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STEPHANIE OAKES

A Plan to Get Your Kids Off the Couch and Into Shape

March 27, 2000|STEPHANIE OAKES

Peter Vizcaino from San Diego is a fairly typical 12-year-old: After school, he frequently heads straight to the TV to watch a favorite show or play video games, or to his computer to surf the Internet. It wasn't until his doctor told him during a routine office visit that he was overweight and out of shape that his parents vowed to alter Peter's routine--and the whole family's priorities.

If exercise is frequently bumped from your family's to-do list in favor of electronic gadgets, you're not alone. A recent study by researchers at the Johns Hopkins School of Medicine found that 93% of U.S. children between the ages of 8 and 17 spend several hours a day watching TV, increasing their odds of becoming sedentary and overweight.

But packing on the pounds isn't the only problem. Children who become overweight during adolescence may also be increasing their risk of heart disease later in life, says Dr. Noel Bairey Merz, medical director of the Preventive Cardiac Center at Cedars-Sinai Medical Center in Los Angeles. "We need to do a better job of educating both children and parents about their health," says Merz. "We need to work on what's available in our homes and school campuses to reduce signs of heart disease in our youth."

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Here are some practical tips for getting your family into fitness.

Getting started: It's not enough simply to exhort your kids to "go exercise." You have to show them by the example you set. If you never get off the couch or if the TV is endlessly blaring, then your kids may pick up on your sedentary habits: How else can they spend time with you but in front of the TV?

Think about ways that you can incorporate 30 minutes of activity into your day. If you can't get in 30 minutes at one time, aim for shorter bouts of activity that add up to half an hour. Plan simple activities, such as a picnic at the park where you pack a soccer ball to kick around. Or suggest an after-dinner walk or invite the kids along when you walk the dog. Simply put: Just try something new. You'll be creating some opportunities to communicate with your children, and some studies have shown that active families have a better quality of life and tend to live longer.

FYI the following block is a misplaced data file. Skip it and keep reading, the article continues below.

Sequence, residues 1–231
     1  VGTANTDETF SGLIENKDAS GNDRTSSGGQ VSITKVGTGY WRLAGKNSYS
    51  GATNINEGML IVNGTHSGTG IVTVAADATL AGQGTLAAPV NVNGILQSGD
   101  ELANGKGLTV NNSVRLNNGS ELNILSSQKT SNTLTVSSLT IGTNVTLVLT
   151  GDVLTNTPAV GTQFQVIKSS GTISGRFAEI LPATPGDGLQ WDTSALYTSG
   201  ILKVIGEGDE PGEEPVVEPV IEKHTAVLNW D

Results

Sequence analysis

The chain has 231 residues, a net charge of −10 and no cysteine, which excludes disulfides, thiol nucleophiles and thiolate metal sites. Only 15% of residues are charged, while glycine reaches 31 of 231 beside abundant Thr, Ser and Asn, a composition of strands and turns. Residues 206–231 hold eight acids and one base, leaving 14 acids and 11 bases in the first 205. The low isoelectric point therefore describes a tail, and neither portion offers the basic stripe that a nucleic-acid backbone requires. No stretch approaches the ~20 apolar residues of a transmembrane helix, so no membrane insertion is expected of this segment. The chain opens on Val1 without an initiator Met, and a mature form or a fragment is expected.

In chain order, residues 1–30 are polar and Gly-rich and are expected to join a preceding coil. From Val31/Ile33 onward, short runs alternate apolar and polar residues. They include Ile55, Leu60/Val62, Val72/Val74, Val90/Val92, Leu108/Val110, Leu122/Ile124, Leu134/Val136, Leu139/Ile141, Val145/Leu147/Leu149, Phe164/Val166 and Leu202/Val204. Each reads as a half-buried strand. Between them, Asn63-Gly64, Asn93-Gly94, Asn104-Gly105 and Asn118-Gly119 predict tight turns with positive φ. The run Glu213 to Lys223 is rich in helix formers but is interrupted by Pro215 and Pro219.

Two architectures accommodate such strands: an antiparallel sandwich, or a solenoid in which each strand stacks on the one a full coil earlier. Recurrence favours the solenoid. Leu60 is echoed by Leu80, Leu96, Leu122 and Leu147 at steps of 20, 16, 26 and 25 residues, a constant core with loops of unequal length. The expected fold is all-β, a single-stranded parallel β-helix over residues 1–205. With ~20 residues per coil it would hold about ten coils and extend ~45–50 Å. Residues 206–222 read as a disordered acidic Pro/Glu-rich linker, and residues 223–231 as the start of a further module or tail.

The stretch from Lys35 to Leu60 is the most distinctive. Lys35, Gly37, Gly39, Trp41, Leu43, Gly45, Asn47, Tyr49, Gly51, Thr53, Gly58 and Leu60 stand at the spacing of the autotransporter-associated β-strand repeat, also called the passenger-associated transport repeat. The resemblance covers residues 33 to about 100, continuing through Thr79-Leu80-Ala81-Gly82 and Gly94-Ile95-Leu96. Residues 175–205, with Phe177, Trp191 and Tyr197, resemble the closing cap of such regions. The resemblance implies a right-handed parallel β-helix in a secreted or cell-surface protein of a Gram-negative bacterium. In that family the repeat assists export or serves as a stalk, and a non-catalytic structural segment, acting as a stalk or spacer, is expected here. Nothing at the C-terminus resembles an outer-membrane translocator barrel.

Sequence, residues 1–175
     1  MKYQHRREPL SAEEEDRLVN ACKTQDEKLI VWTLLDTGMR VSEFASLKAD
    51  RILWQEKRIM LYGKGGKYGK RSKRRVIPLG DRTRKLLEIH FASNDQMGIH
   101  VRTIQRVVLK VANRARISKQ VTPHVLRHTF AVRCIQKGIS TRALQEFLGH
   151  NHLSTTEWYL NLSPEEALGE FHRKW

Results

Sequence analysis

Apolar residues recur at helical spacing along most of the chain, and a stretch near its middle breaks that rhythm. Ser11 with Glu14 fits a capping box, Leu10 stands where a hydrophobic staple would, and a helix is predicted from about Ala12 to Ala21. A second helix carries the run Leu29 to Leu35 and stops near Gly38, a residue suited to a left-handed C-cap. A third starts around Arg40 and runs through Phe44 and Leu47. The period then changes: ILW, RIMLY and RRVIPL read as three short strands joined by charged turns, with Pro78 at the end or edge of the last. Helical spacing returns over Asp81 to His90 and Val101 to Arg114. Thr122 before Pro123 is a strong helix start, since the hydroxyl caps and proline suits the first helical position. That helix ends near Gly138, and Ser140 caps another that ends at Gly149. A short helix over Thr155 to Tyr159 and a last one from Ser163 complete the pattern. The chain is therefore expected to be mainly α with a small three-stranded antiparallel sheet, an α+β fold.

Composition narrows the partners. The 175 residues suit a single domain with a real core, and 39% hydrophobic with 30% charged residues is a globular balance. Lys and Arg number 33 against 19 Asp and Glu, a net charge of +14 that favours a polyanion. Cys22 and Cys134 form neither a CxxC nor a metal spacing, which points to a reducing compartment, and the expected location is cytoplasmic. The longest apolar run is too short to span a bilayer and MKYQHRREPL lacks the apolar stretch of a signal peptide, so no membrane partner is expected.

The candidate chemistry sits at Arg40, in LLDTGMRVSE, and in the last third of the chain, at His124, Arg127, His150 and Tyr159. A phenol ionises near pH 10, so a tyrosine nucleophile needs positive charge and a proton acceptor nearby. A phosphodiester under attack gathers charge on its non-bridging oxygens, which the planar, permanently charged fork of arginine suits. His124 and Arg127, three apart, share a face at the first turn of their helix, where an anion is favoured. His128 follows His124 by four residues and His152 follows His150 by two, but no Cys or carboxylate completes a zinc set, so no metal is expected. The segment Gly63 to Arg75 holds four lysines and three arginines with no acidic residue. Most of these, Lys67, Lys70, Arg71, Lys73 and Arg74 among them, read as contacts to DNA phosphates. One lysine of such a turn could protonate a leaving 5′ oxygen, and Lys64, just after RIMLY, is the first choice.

Age-appropriate fitness: If your children are between 5 and 9, it's a good time to help them develop basic motor skills. By introducing family activities--bicycling to improve balance, in-line skating to work on coordination, dance to encourage free movement or swimming for stamina--their skills will develop rapidly. Try to expose your children to as many physical activities as you can, and see what they like--and what you enjoy doing with them. Eventually, as their confidence grows, they will discover what activities they enjoy most.

Ages 8 to 12: Dr. Kenneth H. Cooper, founder of the Cooper Institute for Aerobic Research in Dallas and coauthor of a recent book titled "Fit Kids!: The Complete Shape-Up Program From Birth Through High School" (Broadman & Holman, 1999), says that children's physical activity typically declines before they reach their teens. "Children become more self-conscious, and peer pressure influences activities they choose." Regular family activities may strengthen their self-esteem and self-confidence. For this age group, try a simple family hike to develop endurance and an appreciation of the outdoors. Neighborhood team sports like soccer, softball and basketball are helpful for improving teamwork and leadership skills. Also, tennis and other racquet sports can improve hand-eye coordination.

Community involvement: Enlist teachers, fitness professionals, and community leaders to find creative ways to shape up. YMCAs across the nation will hold their annual "Healthy Kids Day" on April 8. These all-day events will offer such activities as relay races, aerobics classes and swimming activities for the whole family. Additionally, many Ys offer family fitness on Saturdays.

Peter's family has joined a program available nationwide called "Operation FitKids." This nonprofit organization, run by the American Council on Exercise, provides low-cost fitness facilities for teens and families. These creative outings provide incentive to get away from the hypnotic lure of TV and video games.

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